In Good Conscience

Trials starting to show how deep rabbit hole of corruption goes

Lanus, on the southern outskirts of Buenos Aires, was put on football's global map twice within a matter of hours on Tuesday.

First, it's most famous son, Diego Maradona, posted a video saying: "Long live Lanus! I do not have the slightest doubt that they will put everything in to win. God wants them to get this tournament".

Maradona, born in the Policlinico Evita Hospital in Lanus and raised in the nearby shanty town Villa Fiorito, was acknowledging one of the wonders of his game.

Club Atletico Lanus came back from three goals down to beat River Plate 4-3 over two legs in the Copa Libertadores. Over the next fortnight, Lanus will play and away against Brazilian club Gremio in the final. Never before in their 102-year history have Lanus reached this stage.

Aside from passing on God's encouragement to his hometown team, Maradona separately signalled his readiness to return as the national coach of Argentina - he was last in charge at the 2010 World Cup. The Al Fujairah coach messaged the Argentinian Football Association to offer his services.

The national team lost a friendly against Nigeria in Russia on Tuesday, prompting Maradona to tweet: "I am angry because they have thrown away our prestige, but it's not the fault of the lads. I want to come back!!!"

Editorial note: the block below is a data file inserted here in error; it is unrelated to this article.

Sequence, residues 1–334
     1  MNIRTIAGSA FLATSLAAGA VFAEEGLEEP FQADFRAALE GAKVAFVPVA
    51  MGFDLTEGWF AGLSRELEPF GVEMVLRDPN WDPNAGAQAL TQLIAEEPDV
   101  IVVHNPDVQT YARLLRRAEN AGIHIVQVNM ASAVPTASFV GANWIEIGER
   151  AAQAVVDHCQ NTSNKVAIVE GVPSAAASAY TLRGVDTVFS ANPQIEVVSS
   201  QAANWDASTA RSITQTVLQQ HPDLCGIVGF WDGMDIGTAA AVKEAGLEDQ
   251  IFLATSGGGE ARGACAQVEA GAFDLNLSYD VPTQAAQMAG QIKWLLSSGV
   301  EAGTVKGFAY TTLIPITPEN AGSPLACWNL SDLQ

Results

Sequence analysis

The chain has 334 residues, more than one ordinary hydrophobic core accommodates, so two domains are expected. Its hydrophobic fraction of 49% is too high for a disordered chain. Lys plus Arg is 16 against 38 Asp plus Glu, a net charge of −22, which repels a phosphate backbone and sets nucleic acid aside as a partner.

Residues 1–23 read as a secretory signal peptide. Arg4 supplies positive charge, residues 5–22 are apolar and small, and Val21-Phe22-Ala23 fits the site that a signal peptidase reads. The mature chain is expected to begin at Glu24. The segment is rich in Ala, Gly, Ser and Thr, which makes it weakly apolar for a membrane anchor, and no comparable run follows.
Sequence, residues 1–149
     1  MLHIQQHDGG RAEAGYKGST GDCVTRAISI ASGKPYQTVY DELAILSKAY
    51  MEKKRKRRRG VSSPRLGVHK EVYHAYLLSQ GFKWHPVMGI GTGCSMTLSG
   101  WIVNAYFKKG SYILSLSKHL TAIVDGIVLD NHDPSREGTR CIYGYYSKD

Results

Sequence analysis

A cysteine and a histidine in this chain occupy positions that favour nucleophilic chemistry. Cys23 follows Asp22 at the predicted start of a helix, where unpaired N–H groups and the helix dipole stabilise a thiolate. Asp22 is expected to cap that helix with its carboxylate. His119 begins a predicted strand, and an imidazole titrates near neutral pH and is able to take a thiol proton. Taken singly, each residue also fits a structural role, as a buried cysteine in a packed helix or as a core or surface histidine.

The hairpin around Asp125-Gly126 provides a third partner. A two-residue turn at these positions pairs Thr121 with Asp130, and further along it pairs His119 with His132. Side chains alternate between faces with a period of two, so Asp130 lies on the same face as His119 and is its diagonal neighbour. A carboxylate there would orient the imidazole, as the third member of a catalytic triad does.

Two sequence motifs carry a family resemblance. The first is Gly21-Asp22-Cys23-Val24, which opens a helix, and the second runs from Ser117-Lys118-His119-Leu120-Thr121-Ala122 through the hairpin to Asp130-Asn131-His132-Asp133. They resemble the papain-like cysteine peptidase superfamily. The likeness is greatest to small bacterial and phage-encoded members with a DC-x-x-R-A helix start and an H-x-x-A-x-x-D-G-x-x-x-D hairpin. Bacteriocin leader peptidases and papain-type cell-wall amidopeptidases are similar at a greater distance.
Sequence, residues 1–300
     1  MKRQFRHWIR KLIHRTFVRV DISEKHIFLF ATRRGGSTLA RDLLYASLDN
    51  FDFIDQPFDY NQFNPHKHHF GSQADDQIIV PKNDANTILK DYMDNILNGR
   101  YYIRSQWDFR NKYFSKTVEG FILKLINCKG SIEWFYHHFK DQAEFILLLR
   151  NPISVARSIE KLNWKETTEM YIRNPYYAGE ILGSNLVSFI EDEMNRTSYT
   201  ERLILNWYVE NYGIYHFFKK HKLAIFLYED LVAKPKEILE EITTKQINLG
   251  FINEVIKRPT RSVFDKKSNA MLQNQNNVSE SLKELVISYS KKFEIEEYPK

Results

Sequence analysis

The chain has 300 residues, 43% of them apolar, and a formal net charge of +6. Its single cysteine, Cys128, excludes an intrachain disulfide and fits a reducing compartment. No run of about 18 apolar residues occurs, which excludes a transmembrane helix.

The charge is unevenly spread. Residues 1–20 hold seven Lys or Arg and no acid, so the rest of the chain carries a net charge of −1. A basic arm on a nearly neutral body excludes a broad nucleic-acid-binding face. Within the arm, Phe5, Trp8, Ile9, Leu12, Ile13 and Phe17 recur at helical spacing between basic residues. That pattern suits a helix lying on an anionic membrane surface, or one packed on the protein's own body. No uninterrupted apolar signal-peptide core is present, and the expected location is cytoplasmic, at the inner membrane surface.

This is just the start of the trials. It involves three of the 40 so far charged under US jurisdiction, among whom 23 have pleaded guilty.

Others are still fighting extradition requests.

Crazier things have happened.

More sinister ones, too. Also on Tuesday, a body was found by the railway track in Lanus.

Local authorities said it was Jorge Delhon, a 52-year-old lawyer who, hours earlier, had been accused of taking US$2 million (S$2.7 million) in exchange for broadcasting rights while he worked for the Argentinian government.

Some news reports say Delhon jumped in front of a train, and left a suicide note saying: "I love you all, I can't believe..."

However, Pamela Chen, the presiding US district court judge in the case, interrupted a defence attorney when he said his witness had broken down because of the suicide. "You call it suicide," she said, "No one knows that for sure."

Judge Chen, who has already sentenced previous defendants in the so-called FifaGate trials in New York, was responding to claims that the witness, who broke down in court, had been threatened with the throat-slitting gesture from one of the defendants in the dock.

That man's lawyer claimed it was nothing more than his client scratching an itch, and that his defendant was a " gentle man."

The judge nevertheless placed that gentle man under house arrest and denied him access to a phone or computer.

Chen had warned, at the start of this week's trial, of the need for heightened security due to possible witness intimidation.

This is just the start of the trials. It involves three of the 40 so far charged under US jurisdiction, among whom 23 have pleaded guilty.

Others are still fighting extradition requests by America, mainly from South and Central American countries.